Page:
Absurdly Driven looks at the world of business with a skeptical eye and a firmly rooted tongue in cheek. 

Can pizza really make a significant difference in our lives?

Other than to make us bigger, that is?

Domino's believes it can.

The company's marketing department has taken a look at America's infrastructure and said to itself: "Who can do something about this? Why, we're used to filling holes in our customers' entrails. It should clearly be us."

And so it's launched something called Paving for Pizza.

No, the idea isn't to get prisoners to pave roads and pay them in pizza. Thankfully.

Instead, Domino's insists that imperfect infrastructure is affecting its business, and it has a solution:

Potholes, cracks, and bumps in the road can cause irreversible damage to your pizza during the drive home from Domino's. We can't stand by and let your cheese slide to one side, your toppings get un-topped, or your boxes get flipped. So we're helping to pave in towns across the country to save your good pizza from these bad roads.

How is this all going to work, though? Won't the local council get upset that someone's doing something? Domino's director of public relations, Jenny Fouracre, told me:

We are providing grants to municipalities that we end up working with and they will use their crews to do the repairs with the funds we supply. All municipalities will receive the same amount. And yes, we have to find municipal entities that are willing to work with us on this program, including any permission they may need to accept the grant.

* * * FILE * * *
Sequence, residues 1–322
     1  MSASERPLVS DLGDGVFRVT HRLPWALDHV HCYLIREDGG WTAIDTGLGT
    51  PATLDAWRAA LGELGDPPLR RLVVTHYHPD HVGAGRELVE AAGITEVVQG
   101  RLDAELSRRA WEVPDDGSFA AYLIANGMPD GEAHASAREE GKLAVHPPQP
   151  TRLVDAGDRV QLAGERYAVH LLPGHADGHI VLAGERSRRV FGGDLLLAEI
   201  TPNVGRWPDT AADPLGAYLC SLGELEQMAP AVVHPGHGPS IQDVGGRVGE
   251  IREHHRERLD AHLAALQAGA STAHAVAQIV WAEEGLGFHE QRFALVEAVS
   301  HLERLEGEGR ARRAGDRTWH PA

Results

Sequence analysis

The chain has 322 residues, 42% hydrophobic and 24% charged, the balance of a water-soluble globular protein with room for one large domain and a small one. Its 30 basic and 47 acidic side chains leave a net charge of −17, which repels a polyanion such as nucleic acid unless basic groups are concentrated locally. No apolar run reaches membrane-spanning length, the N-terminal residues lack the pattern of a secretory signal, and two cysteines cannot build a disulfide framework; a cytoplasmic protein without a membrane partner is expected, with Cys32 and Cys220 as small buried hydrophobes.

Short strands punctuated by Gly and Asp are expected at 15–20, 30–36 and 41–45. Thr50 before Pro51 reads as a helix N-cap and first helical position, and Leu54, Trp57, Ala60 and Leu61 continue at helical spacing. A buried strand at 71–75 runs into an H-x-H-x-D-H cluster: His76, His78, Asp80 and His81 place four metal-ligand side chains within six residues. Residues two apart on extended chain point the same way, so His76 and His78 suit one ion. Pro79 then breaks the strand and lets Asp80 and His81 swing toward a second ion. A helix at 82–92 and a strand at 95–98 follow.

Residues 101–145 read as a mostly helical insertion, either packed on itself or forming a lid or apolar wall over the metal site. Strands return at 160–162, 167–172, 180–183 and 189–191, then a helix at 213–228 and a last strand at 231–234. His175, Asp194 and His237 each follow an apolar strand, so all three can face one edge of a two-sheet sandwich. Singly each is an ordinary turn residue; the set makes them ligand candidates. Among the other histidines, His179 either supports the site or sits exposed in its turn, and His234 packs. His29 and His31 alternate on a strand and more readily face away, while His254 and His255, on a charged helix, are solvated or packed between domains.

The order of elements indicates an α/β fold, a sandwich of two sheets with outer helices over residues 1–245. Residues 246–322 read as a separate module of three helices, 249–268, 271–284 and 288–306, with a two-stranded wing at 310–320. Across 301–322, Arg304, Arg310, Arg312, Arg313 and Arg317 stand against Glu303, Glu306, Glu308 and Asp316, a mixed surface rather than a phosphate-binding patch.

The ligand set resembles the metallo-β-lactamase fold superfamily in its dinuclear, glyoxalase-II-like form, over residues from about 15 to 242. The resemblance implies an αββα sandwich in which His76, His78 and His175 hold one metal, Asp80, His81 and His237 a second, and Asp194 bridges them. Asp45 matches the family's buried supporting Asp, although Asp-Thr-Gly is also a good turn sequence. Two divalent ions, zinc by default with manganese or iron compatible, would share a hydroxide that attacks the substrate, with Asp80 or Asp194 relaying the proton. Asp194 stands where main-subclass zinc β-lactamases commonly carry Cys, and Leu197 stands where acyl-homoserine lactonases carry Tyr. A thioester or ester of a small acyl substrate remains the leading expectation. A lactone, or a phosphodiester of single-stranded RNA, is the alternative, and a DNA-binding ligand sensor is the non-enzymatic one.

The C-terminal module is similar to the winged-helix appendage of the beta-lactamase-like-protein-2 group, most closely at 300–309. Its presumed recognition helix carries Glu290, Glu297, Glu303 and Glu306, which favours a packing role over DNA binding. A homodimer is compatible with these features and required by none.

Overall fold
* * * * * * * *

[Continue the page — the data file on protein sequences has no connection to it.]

It really is, though, remarkable that pizza can be the reason for fixing our nation, when, say, the mere improvement of humanity offers no reason at all.

Still, the way this works is that you nominate your town and Domino's will decide whether it's worthy of being filled in.

The pizza chain says it's already performed drastic surgery in places as disparate as Bartonville, Texas, Milford, Delaware, Athens, Georgia, and Burbank, California. 

My, what pride there must be in smoothing the path for a Hollywood producer. 

Yes, of course this is marketing, and who knows how many towns Domino's will ultimately end up helping.

"We are not disclosing our spend on this program," Fouracre said.

But civic spirit is hanging by a gooey bit of melted cheese right now, one that's getting thinner and thinner the more it stretches.

It used to take a village. Now, it seems to take a corporation. 

Perhaps we should therefore be grateful that someone still cares enough -- and is prepared to spend the money -- to make our little lives very slightly better.

Even if it's a sign of our grim and prosperous times.